The assignment would be a day-walk around the stunning panorama of the Buttermere horseshoe, for a winter walking feature.
As usual, no one remembered to book some decent weather with the mountain gods so the day dawned stormy, miserable, cold, damp and windy. Perfect.
Setting off from my home in Shap, on the edge of the Lake District National Park, I knew I was in for a tricky day because the previous one had been a full on storm with gale force winds and driving rain. Overnight, the temperature had fallen and snow had peppered the higher fells. I'll leave at 6.30, I thought, plenty of time to hit our rendezvous at the Warnscale Bothy. Oh, how wrong can you be!
Normally, driving to Buttermere from the east would take you down the Borrowdale valley and up over the steep and high Honister Pass fell road. So that's what I did. Bad idea. Black ice covered the road as soon as I got over 1200ft - which is a big problem on a really steep fell road with barely enough room for two vehicles to pass and a major drop off into a narrow gorge right next to the unfenced tarmac. Uh-oh! No chance of going up, with all four Freelander wheels spinning uselessly, no chance of making an easy u-turn without sliding off down into the gorge, and no way off safely reversing back down on ice! S**t, this was getting out of control. OK, put the front wheels in the ditch and slide this baby round on the brakes, slowly, slowly and now hit the HDC (yay, hill descent control on Land Rovers!) - now it's feet off the pedals and pray. I survived the descent but now I was nearly an hour behind schedule and I'd have the go the long way round over Whinlatter.
Long story short; by the time I panted into sight at Warnscale, my long-suffereing writer (Carey Davies) had been pacing about in the cold for quite a while. At least he had a cosy bothy to shelter in - but it turned out he'd not the best of luck either, having got completely soaked tramping up the hut the previous day in the storm. We compared notes over a brew and then it was time to work.
For the bothy photo, I wanted what's sometimes called an "environmental portrait" - that is a portrait that shows the environment and context. This is what it looked like:
The SB800 went on with the brolly and a half strength CTO gel (colour temp orange - tungsten conversion filter) to add warmth. Why? Because I was going to try that blue ambient/warm portrait thing by setting the camera white balance somewhere down at 3500k or so and add some rich warm light from the flash - which would be toned down by the blue white balance and converted back to something like daylight.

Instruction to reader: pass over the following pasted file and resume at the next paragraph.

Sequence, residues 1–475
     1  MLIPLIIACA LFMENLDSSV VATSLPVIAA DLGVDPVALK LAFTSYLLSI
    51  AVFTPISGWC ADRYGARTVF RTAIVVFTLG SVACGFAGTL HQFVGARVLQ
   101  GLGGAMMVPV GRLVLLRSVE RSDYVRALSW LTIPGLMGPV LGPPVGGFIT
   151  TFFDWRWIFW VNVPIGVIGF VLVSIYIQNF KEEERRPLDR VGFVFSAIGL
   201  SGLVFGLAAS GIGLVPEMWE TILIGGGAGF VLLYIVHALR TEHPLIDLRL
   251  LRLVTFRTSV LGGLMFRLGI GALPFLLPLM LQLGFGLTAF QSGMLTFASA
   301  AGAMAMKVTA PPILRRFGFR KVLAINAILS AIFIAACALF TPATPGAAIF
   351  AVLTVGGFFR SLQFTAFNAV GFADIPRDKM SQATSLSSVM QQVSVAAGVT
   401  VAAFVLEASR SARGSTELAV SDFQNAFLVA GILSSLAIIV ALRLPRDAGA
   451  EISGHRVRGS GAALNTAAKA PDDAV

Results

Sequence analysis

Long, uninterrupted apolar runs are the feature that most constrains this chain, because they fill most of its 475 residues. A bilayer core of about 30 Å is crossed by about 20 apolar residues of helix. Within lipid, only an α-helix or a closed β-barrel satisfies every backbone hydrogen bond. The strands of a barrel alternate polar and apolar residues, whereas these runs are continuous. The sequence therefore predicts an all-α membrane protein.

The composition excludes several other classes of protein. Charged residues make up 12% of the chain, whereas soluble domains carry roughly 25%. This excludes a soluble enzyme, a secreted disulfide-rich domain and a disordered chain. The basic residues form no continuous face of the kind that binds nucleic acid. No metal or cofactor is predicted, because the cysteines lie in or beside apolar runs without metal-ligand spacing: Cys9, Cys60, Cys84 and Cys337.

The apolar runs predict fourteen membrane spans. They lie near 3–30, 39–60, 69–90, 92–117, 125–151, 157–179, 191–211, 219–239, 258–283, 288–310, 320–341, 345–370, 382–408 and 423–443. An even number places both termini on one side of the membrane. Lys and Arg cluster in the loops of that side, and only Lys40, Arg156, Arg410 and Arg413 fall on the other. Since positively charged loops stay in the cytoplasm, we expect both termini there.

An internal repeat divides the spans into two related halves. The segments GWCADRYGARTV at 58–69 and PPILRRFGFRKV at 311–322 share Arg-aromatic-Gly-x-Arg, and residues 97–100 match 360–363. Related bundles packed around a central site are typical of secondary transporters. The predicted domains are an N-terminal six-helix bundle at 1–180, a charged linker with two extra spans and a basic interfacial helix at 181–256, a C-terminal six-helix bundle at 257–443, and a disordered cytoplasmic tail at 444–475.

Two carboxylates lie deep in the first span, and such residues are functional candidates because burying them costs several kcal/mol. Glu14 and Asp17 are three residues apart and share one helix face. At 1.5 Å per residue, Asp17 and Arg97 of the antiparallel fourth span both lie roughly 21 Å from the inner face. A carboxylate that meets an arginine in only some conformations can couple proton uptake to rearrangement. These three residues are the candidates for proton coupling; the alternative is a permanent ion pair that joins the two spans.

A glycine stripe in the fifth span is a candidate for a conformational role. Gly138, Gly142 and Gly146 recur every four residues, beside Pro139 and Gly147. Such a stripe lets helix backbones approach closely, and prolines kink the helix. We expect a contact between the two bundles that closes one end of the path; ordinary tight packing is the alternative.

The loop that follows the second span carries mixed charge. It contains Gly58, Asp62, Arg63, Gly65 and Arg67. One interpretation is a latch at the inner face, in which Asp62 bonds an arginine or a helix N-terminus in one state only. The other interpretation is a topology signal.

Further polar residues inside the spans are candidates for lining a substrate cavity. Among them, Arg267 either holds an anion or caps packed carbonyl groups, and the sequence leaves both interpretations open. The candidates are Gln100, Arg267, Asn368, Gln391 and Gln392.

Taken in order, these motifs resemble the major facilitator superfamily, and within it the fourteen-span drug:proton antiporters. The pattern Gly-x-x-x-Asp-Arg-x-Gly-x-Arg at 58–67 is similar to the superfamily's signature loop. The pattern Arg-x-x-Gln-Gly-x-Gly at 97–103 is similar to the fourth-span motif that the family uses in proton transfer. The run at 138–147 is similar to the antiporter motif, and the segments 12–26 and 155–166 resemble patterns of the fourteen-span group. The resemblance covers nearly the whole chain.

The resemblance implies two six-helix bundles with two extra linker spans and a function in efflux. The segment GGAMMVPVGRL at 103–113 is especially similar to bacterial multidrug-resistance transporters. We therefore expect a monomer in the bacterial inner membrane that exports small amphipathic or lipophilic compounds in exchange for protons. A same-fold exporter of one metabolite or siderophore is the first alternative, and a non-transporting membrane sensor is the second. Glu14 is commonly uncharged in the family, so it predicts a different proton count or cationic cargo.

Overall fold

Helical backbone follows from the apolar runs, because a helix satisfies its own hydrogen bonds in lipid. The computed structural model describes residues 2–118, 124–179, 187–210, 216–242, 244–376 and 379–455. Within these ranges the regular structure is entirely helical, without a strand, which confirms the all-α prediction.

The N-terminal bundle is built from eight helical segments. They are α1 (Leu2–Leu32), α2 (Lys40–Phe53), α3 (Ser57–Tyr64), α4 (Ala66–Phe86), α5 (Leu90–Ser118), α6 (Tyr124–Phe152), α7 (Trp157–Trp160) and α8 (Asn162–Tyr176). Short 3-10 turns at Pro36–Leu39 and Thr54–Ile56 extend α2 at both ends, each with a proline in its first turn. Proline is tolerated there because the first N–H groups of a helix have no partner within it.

Have you tried this? If you haven't, here's the basic idea; You set the camera's white balance to Tungsten, or if you have a K point dial in your white balance menu, you can play around and set it to get just the look you want. I ended up setting mine at 4000k in-camera and tweaking it to 4041k in Lightroom.
The white balance control just adds colours - it adds blue for when you're shooting under tungsten light ( which is orange light). The blue counters the orange light, ('cos blue is the opposite of orange) and neutralises it, making your photo look like it was taken under natural, daylight conditions. But if you deliberately set tungston (add blue) under daylight conditions, the whole picture turns blue. We are going to light up the portrait with flash, which is the same colour as daylight, so the camera's white balance will make that look blue as well. However, by adding a strong CTO gel, we make the flash orange - just like tungsten light - and the tungsten (blue) white balance neutralises it back to white light. If we want the flash to look warmer, we just add even more CTO gels to get the light colour past white and more towards orange.
There's one more thing to note; If you're shooting RAW - which you ought to be - the only reason for setting the white balance in the camera is to judge the effect in the LCD. RAW files don't have any WB applied to them. That's done in the RAW converter, which in my case is Lightroom. But you still have to gel your flashes, because the WB you set in RAW development is global - it affects the whole image, not just the ambient. If there's a difference between the colour temperatures of the flash and the ambient daylight, there's no way you can get the effect that we are looking at here.
But first I tested the flash with normal daylight WB.
My next issue is that the bothy is looking a bit glum in the background. How about some light over there, using my other speedlight? With these Pocket Wizard Flex's I can put a light pretty much anywhere I want. There you go - that splash of light ion the doorway should work out fine. Now to put it all together. Dial in some tungsten white balance, gel the portrait light and see what we've got...Unfortunately I failed to spot that I'd "nuked" the doorway light (maybe a rogue signal from the PW's or more likely I just cocked it up in my hurry), but no big drama, I can easily crop in a bit or clone it out because it's a small defined dot in the background. Should have seen it in the LCD though!
So - that works OK. Now the whole thing looks cool and it kind of looks like we just arrived at night! A whole lot better than the actual ambient light as it is. It's not perfect but in my defense I'll point out that I had just power-walked up a mountain in freezing, windy conditions after arriving an hour late, having just survived a near-death experience on black-ice! This shot took less than 10 minutes to set up and complete and we had a whole day of walking still to do. Needless to say, TGO magazine never used this shot. Sigh...
Nikon 28-300 VRll lens at 28mm
1/200th - f5.6 iso640
SB600/SB800 PX Flex/Mini/AC3
Nano stand, white shoot-thru brolly, Lastolite triflash swivelhead, plastic clip-top food containers for waterproofing the flashes.
I really must try to remember to do BTS pix of this stuff to show the set-up - will try harder in future!